Each spiritual tradition prescribes a way of remembering––a mechanism for centering your awareness on the Supreme Reality. In Judaism, a mezuzah––scriptures encapsulated in a small decorative container––is placed on the doorposts of a building, so that when people go out or come in they are reminded of the Truth and law that supports them. Catholics use the rosary beads as an aid to practicing “prayer without ceasing.” The mala, or prayer beads, for Hindus, Buddhists and Muslims serve the same goal––constant remembrance.

The practice of japa is simple, easy and pleasurable. Just rest your attention silently, lovingly and continuously on the sound or vibratory quality of the mantra as if you were listening to beautiful music. Attend to the mantra with the same emotion that parents feel as they communicate to their newborn baby. Learn to speak the language of love with your mantra as if it were your beloved. Remember: all power lies in the realm of the subtle. As you think, so you become, and for every action there will be an equal reaction. Therefore, whenever you have a few moments, take the opportunity to practice the silent, loving repetition of your mantra.

Even though your emotions can have the force of an intense thunderstorm, you always have a choice of how you direct your attention. In every circumstance, the stored power of the mantra will come forward when you need it most in the form of love, fearlessness and strength so that you can do what is to be done when it is to be done, and not do what is not to be done.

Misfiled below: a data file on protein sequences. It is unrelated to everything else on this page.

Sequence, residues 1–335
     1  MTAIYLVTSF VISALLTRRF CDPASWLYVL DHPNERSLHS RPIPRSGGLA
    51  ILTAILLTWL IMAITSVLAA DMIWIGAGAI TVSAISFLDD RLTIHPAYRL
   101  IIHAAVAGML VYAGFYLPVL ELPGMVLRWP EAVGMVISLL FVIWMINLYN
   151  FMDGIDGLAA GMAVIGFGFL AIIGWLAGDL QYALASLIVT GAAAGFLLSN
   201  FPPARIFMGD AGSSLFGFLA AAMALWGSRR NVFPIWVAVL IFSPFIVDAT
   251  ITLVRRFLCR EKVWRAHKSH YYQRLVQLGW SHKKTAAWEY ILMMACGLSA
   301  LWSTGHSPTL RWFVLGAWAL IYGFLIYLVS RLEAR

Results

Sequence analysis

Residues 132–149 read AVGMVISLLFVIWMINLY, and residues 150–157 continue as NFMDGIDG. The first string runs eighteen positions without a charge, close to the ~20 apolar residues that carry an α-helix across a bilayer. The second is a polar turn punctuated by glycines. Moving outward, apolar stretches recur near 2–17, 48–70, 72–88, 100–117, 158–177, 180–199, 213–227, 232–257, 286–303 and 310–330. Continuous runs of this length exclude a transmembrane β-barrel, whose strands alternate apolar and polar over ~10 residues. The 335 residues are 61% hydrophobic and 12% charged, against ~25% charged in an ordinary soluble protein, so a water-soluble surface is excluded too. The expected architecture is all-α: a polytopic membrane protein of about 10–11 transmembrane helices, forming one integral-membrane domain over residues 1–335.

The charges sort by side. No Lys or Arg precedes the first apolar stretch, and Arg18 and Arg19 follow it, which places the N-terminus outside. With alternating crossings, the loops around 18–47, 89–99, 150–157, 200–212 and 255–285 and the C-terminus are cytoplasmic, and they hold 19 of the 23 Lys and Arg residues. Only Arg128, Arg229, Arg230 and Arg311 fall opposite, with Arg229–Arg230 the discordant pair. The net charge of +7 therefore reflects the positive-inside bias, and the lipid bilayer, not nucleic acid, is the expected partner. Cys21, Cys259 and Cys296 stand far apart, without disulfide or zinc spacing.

Paradoxically, despite this promise, it is essential not to anticipate specific results as the consequence of your japa practice. Mantra practice is not a quid pro quo––“If I do this, you must give me that.” If you can simply accept that you are an integral part of the One beneficent intelligence and are ready and willing to do your part, you are guaranteed to receive exactly what you need.

In the Judaic-Christian-Muslim tradition the ancient Torah states it this way: It shall come to pass, if you hearken diligently unto my commandments which I command you this day, to love the Lord your God, and to serve him with all your heart and with all your soul, then I will give the rain of your land in its season, the former rain and the latter rain, so that you may gather in your corn, your wine, and your oil. And I will even give grass in your fields for thy cattle, and they also will eat and be satisfied.

When and Where to Practice Japa

            With all your heart, try to establish an intimate relationship with your mantra. Once you choose a mantra, the mantra should become your default thought, constant companion and the background music of your life. Whenever you’re not being asked to fulfill some specific duty or responsibility, mentally listen to the mantra. Lovingly direct your attention to the reverberating sound of each syllable––just as if you were tuning in a radio station playing your favorite melody.